restrict the use of digital technology, which some believe heralds the death
knell for traditional media businesses, from film studios to music and book
The DMCA makes it a crime to offer for sale products that circumvent digital
copy protections, including encryption schemes, the issue at stake in the
ElcomSoft case. Other provisions create penalties for creating and
distributing such tools, raising protests from programmers that the law
could, among other things, bar academic research and inhibit open discussion
of encryption technology, including in news reports. Last year, in a major
ruling favoring the film industry, a federal appeals court ordered a Web
site to remove links to code capable of cracking encryption on DVDs, citing
Attorneys not involved in the case said the ElcomSoft verdict boded ill for
future criminal prosecutions under the controversial copyright law. A not
guilty verdict in a criminal case comes without the ability to appeal,
unlike the civil copyright cases targeting Napster and other companies that
have bounced through federal court in recent years. Future courts won't be
bound by Tuesday's verdict, but it will stand untouched.
"It is troubling for enforcement of the (criminal provisions of the) DMCA,"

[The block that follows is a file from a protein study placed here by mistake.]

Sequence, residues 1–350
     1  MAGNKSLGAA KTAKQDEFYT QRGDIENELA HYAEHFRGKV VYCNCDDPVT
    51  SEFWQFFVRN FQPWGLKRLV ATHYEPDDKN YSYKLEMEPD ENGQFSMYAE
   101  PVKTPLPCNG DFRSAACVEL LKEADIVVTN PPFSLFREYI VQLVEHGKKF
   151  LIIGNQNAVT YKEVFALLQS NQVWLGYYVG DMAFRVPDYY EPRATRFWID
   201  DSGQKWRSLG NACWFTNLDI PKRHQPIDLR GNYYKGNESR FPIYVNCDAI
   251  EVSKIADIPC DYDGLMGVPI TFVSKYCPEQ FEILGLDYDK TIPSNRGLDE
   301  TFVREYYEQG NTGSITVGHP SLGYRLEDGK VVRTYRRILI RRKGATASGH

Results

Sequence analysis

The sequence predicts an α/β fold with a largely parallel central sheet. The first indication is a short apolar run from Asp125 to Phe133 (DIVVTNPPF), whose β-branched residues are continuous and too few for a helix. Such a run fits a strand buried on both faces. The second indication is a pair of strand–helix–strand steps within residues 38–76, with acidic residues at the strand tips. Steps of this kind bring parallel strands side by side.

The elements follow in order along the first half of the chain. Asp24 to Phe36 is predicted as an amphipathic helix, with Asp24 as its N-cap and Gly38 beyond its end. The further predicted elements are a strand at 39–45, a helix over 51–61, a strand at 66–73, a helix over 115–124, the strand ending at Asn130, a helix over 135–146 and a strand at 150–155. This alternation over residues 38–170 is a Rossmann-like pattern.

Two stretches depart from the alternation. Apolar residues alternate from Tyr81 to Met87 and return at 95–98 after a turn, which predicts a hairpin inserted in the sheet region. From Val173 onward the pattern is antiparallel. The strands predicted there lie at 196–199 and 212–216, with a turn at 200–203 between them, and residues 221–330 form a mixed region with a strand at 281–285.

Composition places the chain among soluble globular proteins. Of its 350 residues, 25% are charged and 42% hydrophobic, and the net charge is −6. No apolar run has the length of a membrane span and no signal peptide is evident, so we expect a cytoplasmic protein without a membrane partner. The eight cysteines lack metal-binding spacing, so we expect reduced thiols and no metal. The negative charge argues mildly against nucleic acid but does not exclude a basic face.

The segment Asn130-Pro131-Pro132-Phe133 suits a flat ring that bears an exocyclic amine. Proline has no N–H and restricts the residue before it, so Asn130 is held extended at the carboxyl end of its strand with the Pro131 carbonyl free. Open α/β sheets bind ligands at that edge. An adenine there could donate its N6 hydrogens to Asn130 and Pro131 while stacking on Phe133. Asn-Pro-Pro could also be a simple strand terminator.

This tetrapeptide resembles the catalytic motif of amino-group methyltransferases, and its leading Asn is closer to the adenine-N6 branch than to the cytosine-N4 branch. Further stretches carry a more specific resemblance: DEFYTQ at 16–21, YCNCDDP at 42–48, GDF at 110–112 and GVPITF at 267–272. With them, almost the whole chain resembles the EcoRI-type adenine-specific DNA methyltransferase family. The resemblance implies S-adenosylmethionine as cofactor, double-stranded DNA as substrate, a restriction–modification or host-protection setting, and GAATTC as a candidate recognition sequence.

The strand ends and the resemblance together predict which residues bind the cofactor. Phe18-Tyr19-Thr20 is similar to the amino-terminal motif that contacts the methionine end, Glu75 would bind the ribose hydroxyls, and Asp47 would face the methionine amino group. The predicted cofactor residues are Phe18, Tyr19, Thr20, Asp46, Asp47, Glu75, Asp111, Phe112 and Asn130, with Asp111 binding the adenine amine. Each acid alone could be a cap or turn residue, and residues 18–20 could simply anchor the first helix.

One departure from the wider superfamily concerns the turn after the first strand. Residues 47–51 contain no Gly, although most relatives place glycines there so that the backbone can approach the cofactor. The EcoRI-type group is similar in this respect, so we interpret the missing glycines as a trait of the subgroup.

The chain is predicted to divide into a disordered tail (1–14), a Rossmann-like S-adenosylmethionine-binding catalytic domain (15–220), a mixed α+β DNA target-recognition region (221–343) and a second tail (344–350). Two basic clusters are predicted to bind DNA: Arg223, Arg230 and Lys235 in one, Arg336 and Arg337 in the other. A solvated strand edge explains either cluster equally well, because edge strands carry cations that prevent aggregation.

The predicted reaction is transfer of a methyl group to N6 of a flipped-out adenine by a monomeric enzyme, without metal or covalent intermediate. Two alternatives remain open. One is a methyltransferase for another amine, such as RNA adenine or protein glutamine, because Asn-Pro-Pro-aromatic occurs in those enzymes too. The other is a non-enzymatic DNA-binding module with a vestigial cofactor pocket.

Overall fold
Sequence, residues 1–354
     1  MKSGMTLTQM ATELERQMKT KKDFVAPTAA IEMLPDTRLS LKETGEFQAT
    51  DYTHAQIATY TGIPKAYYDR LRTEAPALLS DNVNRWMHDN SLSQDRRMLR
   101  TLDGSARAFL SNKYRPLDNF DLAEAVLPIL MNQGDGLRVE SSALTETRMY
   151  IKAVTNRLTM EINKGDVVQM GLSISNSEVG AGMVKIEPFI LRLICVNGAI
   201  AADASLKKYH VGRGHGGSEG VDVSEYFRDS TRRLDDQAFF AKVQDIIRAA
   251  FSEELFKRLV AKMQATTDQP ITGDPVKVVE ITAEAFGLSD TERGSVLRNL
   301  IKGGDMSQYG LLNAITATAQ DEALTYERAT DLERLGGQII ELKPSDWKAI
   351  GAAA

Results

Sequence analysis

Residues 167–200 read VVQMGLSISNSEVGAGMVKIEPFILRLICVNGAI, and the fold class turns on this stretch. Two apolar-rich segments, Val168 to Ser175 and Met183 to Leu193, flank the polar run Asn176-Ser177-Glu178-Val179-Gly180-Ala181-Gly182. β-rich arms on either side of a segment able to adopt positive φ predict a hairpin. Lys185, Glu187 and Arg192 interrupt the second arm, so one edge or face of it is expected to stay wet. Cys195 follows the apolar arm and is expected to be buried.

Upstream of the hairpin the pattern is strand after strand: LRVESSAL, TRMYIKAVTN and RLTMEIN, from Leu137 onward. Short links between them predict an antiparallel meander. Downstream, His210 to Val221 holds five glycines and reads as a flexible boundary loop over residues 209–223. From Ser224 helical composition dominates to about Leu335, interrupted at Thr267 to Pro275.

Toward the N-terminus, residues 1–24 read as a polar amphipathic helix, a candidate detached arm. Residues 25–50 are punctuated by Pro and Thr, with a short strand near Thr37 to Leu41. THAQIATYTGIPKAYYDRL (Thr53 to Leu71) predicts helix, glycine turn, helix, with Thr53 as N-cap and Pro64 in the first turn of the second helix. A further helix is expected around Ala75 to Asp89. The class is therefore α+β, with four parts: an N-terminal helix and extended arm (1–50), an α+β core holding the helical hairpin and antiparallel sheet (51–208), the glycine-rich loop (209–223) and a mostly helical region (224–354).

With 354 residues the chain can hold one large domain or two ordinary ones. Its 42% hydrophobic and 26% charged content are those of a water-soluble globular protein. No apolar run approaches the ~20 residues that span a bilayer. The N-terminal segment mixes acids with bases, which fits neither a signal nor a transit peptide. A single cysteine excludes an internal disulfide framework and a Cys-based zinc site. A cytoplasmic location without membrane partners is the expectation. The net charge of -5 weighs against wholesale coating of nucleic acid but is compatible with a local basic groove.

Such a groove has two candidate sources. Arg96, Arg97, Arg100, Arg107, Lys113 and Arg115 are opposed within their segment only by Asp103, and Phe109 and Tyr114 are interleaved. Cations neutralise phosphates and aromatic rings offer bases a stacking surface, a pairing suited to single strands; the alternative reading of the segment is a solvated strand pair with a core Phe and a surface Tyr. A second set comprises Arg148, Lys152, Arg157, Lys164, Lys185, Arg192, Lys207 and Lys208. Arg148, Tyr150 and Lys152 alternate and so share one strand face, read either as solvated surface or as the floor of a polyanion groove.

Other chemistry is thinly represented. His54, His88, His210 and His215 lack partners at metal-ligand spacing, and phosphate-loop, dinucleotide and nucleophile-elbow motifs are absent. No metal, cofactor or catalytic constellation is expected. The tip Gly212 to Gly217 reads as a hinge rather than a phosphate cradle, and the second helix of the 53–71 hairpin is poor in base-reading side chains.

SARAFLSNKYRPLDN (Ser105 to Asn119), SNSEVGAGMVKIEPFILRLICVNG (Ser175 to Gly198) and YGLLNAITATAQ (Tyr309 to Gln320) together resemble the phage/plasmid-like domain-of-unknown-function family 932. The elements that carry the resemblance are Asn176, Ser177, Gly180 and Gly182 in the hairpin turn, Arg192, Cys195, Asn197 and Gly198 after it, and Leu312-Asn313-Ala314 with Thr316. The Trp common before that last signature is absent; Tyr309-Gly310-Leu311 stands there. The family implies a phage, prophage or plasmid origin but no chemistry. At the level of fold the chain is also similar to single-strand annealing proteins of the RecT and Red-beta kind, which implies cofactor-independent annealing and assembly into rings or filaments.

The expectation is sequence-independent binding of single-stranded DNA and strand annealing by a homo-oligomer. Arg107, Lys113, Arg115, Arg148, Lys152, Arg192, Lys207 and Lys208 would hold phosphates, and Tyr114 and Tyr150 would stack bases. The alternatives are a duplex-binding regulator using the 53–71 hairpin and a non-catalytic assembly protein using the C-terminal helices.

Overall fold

said Evan Cox, an attorney with the San Francisco firm of Covington &
Burlington. "This was the kind of case that the DMCA was meant to prevent.
If this enforcement led to a not guilty verdict, you have to wonder what
would lead to a successful case."
Some attorneys speculated that the jury might have been rendering an opinion
on the law itself, as well as on the strict legality of ElcomSoft's
"The jury has the flexibility to think about (ElcomSoft's motives) and
essentially nullify the law if they think it is overreaching," said
Jefferson Scher, a partner at Carr & Ferrell. "I think there's a little O.J.
factor if they decided that the law shouldn't be read as strictly as it
seems to read."
News.com's John Borland contributed to this report.